Every food firm that distributes items to clients must thoroughly understand how to handle perishable foods. Shipping frozen meats by overnight or 2nd Day service with the U.S. Postal Service, UPS, FedEx, or any private courier is safe. Here's a complete guide on how to ship meat and perishables.

Steps When Shipping Meat and Perishables

Regular ice cannot be used to transport meats. A Styrofoam cooler is required to keep meat frozen during transport. A coolant is necessary to keep the contents of the cargo cool. Moreover, "Perishable" and "Keep Frozen" must be marked on the box. Get in touch with the United States Postal Service or the shipping firm for specific instructions on how to pack perishable packages. These steps are essential to learning how to ship meat and perishables.

  1. Get Some Gel Coolants and a Sealed Container Ready

    If feasible, precool the container and freeze the objects before packing them.  If your item melts or thaws, line the container's interior with a waterproof plastic liner. Lining the container with absorbent materials is necessary if you're shipping a liquid or anything that can leak fluid during transport. Here are a few steps you need to follow.

    • The coolants should be frozen as instructed by the manufacturer. Precooling the container is recommended.
    • Get a plastic liner and use it to line the container's interior
    • Cover the liner with absorbent material to collect drips and spills
    • Get a cooler and any perishables you intend to bring
  2. Put Your Cold Perishable Goods in a Neat and Orderly Stack Inside the Insulated Bag

    • Put the item inside the container. Watertight plastic bags should be used to double-bag any liquid or perishable item you're transporting.
    • Spread the coolants around the object and set one on top
    • Packing peanuts and crumpled paper can fill up any gaps left inside the container
    • Tightly screw the top of the inner bag to seal it. You can rubber band it shut after folding it in half on itself.
    • Close the container's lid
    • Put your frozen perishables in the insulated container in a safe, organized manner
  3. Corrugated Packaging is Ideal for the Insulated Container

    • Packing tape should be applied in at least three parallel strips, each at least 2 inches in width, to the top and bottom of the box, as well as to any seams and flaps using the H taping technique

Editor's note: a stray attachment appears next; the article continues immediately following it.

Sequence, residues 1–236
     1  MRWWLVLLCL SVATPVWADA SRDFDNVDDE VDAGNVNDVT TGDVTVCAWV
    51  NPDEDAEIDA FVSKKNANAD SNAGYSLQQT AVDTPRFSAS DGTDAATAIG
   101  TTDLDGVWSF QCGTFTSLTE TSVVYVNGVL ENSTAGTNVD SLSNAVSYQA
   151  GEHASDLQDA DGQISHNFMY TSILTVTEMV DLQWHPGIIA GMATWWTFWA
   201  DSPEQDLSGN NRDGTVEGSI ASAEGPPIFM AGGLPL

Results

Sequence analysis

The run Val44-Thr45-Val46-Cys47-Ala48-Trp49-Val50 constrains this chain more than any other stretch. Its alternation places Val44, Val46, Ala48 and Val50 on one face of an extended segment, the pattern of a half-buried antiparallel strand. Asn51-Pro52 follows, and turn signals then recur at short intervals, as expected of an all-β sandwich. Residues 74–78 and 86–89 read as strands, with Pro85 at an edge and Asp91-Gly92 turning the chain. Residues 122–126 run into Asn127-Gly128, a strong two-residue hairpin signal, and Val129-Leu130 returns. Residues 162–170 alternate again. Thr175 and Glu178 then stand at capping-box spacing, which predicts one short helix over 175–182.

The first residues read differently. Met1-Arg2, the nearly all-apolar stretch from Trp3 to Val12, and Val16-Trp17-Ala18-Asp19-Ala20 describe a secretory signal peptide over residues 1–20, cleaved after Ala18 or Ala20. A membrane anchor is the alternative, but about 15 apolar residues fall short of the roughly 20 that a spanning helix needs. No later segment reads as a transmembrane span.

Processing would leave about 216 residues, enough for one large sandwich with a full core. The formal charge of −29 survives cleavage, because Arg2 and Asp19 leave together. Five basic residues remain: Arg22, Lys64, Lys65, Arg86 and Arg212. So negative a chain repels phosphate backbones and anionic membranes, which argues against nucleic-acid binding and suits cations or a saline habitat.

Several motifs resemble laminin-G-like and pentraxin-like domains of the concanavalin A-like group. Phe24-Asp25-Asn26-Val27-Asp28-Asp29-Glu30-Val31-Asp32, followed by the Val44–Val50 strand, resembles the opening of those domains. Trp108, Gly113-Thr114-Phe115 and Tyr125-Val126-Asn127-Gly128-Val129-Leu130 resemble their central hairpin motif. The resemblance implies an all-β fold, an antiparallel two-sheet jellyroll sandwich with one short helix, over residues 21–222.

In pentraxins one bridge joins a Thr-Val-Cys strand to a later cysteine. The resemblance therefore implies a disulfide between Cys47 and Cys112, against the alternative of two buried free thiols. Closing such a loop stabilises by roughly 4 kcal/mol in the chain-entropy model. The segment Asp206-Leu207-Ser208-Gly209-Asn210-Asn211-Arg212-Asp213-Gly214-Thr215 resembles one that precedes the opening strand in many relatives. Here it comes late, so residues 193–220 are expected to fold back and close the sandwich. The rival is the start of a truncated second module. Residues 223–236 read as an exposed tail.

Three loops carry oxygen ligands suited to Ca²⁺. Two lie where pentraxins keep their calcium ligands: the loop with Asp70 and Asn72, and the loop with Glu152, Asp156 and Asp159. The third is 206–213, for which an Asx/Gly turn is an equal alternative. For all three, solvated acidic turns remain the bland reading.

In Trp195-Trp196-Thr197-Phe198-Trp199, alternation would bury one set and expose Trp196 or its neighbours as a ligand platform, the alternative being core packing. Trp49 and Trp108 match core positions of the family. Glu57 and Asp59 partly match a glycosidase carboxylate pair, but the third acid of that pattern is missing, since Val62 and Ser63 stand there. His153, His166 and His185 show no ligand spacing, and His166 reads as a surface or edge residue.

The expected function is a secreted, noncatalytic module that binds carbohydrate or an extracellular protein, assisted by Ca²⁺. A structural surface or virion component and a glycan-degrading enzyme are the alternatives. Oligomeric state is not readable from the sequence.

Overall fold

• Clearly label your shipment as perishable
    • A shipping label should be affixed to the top of the package
    • Don't forget to place the insulated container inside a box

Challenges of Shipping Meat and Perishables

Perishables include any food that loses its quality or safety if external factors like humidity or high temperatures are not kept within certain ranges. Under standard shipping circumstances, products like this may become a health threat if they sit around longer than seven days. Below are some challenges when shipping meat and perishables.

  • Extreme temperatures are a key issue, and what happens to a shipment of perishable goods is determined by the mode of transit and the required temperature to keep the goods usable
  • More stringent rules have been implemented in recent years addressing the transportation, processing, and storage of perishable foods
  • Shipping perishable commodities require considerable planning due to the growing frequency of delays in global commerce
  • If perishable goods are not adequately packaged to prevent cross-contamination, the transportation workers and the end consumers might become sick, which could be deadly

How Parcel Plus Can Help When Shipping Meat and Perishables

Parcel Plus can assist you if you have trouble shipping meat and other perishables. Our experienced staff will help you learn how to ship meat and perishables.

Contact us today, or find a Parcel Plus location near you.